The small river Blythe has burst its banks and flooded its flanking meadows, rushing under and around the old packhorse bridge. The water was high in the Marsh Lane reserve, swamping the small islands which usually host roosting waterfowl.

I painted this last of all, as the light faded, by the end in near darkness in the hide.  On someone’s blog recently (forgive me for not remembering whose) I liked the texture of conte crayon under watercolour and tried this here.

Railway bridge in fading light

Before that I had sketched birds for about an hour.  Most prominent were cormorants perched  on what was left of an island, surrounded by wigeon making an eery piping sound in the gathering dusk.

I tried to focus on simple gestural brush strokes, capturing the bulk of the neck and shoulders as they stretched and preened.  I mixed a neutral of ultramarine and variously burnt umber or burnt sienna (note that the scanner has rather accentuated the component pigments).  I could not resist going back and drawing into the paint but should have known better.  In the damp air, dry time was prolonged.  My careful strokes oozed into the mass of underling paint and both the detail and the spontaneity of the initial strokes were dispersed.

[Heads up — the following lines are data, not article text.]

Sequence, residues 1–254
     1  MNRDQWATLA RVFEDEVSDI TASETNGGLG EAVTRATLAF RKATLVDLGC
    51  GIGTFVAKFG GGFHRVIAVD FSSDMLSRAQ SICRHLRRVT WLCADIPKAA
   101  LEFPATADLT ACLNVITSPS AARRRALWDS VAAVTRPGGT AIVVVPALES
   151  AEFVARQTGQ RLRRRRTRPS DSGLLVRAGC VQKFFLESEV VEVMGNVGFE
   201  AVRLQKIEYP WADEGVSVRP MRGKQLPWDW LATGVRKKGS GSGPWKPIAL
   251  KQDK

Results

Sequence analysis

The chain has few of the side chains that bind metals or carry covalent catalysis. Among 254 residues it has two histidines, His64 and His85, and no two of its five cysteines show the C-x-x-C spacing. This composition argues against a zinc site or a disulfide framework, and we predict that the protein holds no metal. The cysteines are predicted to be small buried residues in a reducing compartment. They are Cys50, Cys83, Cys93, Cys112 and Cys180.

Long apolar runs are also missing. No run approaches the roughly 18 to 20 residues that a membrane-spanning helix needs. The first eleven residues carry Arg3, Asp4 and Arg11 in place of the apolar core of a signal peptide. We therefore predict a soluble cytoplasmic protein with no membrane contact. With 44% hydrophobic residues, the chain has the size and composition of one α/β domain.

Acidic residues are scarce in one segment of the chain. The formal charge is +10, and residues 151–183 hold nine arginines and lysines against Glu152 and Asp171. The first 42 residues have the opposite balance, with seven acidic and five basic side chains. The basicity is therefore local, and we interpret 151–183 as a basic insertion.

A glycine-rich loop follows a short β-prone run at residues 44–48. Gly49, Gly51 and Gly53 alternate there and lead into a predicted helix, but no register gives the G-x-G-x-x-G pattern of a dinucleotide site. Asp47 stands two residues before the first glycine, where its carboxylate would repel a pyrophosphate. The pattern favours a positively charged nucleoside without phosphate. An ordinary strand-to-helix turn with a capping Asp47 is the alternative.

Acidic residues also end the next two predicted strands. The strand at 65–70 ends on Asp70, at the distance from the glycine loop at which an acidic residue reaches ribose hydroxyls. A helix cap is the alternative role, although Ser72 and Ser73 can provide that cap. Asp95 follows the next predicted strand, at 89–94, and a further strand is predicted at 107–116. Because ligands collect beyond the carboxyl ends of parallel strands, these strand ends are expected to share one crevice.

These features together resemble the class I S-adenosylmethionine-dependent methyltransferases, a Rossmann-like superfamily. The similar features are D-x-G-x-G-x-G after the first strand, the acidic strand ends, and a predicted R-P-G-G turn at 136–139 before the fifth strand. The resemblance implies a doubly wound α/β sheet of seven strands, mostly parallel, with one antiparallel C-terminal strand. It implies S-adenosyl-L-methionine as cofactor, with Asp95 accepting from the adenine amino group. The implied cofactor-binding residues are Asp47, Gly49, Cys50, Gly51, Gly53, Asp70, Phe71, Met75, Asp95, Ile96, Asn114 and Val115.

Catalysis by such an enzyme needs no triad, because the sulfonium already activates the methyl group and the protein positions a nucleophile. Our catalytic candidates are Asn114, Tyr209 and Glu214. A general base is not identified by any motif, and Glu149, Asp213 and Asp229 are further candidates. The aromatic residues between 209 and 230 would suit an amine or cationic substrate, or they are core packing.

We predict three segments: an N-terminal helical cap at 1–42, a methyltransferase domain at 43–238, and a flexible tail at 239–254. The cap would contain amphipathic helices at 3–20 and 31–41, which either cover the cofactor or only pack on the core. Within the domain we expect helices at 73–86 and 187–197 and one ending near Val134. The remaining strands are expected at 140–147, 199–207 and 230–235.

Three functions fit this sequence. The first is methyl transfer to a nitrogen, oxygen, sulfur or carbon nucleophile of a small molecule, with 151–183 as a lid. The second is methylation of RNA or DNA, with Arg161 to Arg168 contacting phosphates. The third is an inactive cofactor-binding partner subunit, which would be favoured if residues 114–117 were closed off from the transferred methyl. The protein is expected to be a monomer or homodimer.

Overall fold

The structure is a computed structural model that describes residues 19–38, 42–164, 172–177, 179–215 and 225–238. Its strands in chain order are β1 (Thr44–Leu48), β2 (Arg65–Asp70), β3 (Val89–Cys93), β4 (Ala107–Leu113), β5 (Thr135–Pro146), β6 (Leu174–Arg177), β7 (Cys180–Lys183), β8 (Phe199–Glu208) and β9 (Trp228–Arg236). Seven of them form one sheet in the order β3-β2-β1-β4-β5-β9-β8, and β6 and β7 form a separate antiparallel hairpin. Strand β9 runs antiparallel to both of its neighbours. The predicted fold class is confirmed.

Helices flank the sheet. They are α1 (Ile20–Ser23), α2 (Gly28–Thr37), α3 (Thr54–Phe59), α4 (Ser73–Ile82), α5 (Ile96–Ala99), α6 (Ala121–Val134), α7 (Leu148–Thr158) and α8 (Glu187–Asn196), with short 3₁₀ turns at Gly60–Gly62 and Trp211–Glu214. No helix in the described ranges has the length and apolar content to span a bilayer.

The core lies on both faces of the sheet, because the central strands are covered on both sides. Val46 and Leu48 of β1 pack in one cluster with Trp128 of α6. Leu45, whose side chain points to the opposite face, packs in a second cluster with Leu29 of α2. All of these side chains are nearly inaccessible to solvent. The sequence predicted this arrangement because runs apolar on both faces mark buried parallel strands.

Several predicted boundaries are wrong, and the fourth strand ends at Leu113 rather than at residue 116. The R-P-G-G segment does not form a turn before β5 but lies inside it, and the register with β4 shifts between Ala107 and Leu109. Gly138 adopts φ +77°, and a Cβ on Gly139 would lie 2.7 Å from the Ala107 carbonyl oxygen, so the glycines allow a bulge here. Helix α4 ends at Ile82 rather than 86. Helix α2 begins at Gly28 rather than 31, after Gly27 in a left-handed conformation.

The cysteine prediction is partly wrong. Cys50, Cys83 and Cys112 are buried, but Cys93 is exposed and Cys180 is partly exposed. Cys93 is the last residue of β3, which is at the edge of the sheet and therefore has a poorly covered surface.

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I feel this year has been a journey in terms of my drawing from life.  In particular, when I was on the Seabird Painting Course in June, I felt clumsy.  I carried too much kit but had no consistency or comfort in its use.  Now I have pared down my field equipment, using a limited palette of tube watercolours and relying mainly on squirrel mops that deliver large strokes that respond to the touch and come to a fine line.  I keep to rough paper, often using better quality surfaces like Arches as here.  I carry a small tin with a few sticks of charcoal, pencils and a black conte crayon and use these especially for fast notes and for my first sketches to loosen up.

Sixth floor, Holiday Inn, Edinburgh: dawn.

I was invited to Edinburgh to give a talk about Merkel cell carcinoma

Edinburgh from Holiday Inn (5)

This skin cancer is more aggressive than melanoma but occurs more rarely.

It occurs more frequently as we age or in people with damaged immunity.  Sometimes it nestles in the same tissue with other cancer types.